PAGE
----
The government is keen to reduce CO2 emissions and so gives drivers incentives to switch to electric cars. But what would happen if everyone switched to an electric car?
Reduction in Costs
Motorists these days are trying to cut the cost of driving in various ways and dropping a conventional vehicle in favour of an electric one would bring obvious fuel , road tax and car insurance savings.
If everyone drove an electric car, however, there would be some serious changes in industry and taxation.
Tax Lost by UK Government
A total conversion to electric cars would present the Exchequer with some serious issues. Tax is payable on car insurance premiums and as insurance on electric cars is on average 5% cheaper, this would mean a loss to the government of around £37 million per year.
But it gets much worse for the government. With such vehicles being exempt from the London congestion charge, they would lose a further £130 million annually. Ramping up the losses further, exemption from road tax would cost £4.8 billion.
These losses however are dwarfed by the loss of fuel duty, which would cost a staggering £19.5 billion. Even taking into consideration the taxes from increased electricity consumption, the net tax loss for the UK government is around £24 billion per year.
What Does The Driver Save?
With huge figures such as these, you would expect there to be a trade-off in terms of savings for the drivers of these electric vehicles. There are indeed cost reductions, but they might not be as substantial as you would expect.
Based on average fuel costs, fuel consumption of 52.5mpg and average mileage of 8,430 per year, electric motorists would save £773.18 on fuel per year. The zero-rating for road tax would mean additional average savings of £155. On top of this there is a small £23.90 saving on average annual car insurance costs. This gives a total annual saving of £952.08.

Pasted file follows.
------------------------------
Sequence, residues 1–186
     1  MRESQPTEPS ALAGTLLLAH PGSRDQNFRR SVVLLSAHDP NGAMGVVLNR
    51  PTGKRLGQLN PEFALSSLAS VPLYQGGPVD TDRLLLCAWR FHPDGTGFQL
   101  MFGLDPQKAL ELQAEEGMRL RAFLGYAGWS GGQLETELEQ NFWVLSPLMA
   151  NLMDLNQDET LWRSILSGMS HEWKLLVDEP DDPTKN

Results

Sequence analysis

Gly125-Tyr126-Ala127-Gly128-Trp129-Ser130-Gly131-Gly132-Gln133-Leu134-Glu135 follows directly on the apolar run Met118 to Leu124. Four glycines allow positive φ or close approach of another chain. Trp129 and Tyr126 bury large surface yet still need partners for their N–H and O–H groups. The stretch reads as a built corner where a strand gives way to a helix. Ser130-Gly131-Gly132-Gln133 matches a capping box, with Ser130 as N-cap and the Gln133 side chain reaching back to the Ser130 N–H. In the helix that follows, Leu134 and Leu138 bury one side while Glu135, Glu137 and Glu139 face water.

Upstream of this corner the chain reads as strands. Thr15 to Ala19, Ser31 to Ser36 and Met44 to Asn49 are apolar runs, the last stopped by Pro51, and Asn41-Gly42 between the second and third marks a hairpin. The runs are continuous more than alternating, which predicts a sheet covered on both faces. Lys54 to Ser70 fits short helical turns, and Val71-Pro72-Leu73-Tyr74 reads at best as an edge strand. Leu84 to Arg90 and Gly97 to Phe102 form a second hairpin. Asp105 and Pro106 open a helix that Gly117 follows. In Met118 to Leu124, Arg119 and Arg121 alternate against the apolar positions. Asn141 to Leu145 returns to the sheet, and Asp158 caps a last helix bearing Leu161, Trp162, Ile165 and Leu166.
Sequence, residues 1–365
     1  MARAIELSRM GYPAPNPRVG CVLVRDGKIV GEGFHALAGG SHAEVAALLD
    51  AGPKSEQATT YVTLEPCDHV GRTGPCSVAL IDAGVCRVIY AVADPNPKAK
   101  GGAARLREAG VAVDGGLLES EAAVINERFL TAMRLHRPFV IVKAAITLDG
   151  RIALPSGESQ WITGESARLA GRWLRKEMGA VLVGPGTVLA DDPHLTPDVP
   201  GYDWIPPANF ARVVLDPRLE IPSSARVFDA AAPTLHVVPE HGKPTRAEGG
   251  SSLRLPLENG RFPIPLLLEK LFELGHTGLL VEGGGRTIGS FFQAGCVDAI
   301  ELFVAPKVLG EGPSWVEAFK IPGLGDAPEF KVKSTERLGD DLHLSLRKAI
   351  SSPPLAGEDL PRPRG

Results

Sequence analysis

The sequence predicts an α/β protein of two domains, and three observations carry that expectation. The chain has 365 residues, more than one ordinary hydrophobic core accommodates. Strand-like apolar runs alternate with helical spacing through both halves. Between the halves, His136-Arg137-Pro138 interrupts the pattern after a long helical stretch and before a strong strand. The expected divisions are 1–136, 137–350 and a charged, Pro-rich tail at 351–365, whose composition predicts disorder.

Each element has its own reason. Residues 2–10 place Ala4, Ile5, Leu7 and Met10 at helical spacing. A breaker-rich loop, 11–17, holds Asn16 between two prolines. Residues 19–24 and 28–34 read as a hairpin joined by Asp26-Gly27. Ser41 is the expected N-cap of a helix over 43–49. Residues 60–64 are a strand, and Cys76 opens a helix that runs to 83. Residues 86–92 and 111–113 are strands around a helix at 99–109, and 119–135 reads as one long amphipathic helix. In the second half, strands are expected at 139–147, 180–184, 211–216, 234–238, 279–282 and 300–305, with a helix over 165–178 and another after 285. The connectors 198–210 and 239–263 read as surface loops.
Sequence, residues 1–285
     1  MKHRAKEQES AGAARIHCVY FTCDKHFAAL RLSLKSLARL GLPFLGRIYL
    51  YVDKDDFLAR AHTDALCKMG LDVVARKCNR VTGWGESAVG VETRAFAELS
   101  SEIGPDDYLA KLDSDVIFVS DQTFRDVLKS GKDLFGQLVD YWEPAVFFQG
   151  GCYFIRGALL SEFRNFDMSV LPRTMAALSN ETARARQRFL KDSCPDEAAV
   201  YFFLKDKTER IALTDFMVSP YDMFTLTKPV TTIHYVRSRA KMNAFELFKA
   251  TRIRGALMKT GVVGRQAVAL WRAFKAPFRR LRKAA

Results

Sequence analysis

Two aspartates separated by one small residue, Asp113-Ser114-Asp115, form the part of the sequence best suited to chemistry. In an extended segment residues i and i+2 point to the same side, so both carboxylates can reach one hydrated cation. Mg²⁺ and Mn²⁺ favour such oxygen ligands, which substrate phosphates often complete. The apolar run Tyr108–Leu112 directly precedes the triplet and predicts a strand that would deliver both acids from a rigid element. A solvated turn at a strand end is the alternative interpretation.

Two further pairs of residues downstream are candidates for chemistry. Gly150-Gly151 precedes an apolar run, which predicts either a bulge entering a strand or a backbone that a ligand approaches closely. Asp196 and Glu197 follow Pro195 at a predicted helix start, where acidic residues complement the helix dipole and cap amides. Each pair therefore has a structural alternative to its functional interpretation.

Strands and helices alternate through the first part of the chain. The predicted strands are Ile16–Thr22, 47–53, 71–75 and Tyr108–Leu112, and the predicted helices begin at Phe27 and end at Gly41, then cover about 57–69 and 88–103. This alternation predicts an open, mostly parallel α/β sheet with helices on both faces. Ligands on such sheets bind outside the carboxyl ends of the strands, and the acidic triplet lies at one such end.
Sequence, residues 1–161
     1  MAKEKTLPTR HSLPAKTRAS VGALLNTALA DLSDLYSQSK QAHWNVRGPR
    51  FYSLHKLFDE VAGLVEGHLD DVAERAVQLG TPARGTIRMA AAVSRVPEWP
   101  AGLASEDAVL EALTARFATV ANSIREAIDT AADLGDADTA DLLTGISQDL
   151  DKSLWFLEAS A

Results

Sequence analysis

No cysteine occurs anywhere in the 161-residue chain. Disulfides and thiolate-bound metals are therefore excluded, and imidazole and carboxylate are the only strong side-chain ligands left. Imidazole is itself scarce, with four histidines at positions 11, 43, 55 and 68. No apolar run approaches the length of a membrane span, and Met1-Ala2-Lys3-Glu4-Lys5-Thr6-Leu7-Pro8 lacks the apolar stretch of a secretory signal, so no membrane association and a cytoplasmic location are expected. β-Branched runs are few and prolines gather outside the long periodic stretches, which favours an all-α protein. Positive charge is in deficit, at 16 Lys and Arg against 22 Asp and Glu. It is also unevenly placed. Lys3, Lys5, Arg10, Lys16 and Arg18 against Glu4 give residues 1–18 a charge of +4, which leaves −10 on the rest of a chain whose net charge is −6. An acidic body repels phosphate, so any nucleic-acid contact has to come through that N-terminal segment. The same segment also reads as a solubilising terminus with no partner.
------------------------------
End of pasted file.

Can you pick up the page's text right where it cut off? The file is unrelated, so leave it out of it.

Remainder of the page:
The Environmental Implications
While the savings in financial terms to the average driver would no doubt be welcome, they are hardly life-changing. The real impact is surely on the environment and CO2 emissions in particular.
Electric cars are not truly emission free. They do rely on electricity to charge their batteries and that electricity is produced using a variety of sources. In 2010, for example, 77% of UK electricity production came from burning fossil fuels. Clearly this produces CO2 emissions.
Even so, figures show that around 59 billion kilograms of CO2 are produced in the UK annually from our petrol cars, as opposed to the roughly 30 billion kilograms that would be emitted if they were all electric. That is a reduction of approximately 50%.
Should We Go Green?
Obviously, there are a number of factors to consider when weighing up the move to electric cars. There are still technical issues to overcome concerning the range of such vehicles, recharging times and availability of charging points.
The loss of tax revenue to the Exchequer would be enormous and almost certainly unsustainable. That means the government would have to make up that loss somehow and introducing road tax for these electric vehicles, along with congestion charging, would seem inevitable.
The biggest loss for the government comes from fuel duty and it would also seem logical that the government would be forced to introduce a tax on electricity used for charging vehicles. If these changes were introduced, it would mean savings for drivers would quickly disappear.
The reductions in CO2 emissions due to a switch to electric vehicles would be impressive. These would have to be considered in the wider context of worldwide emissions before any conclusion could be drawn. It is perhaps a good thing that a change away from petrol-powered cars will happen more gradually.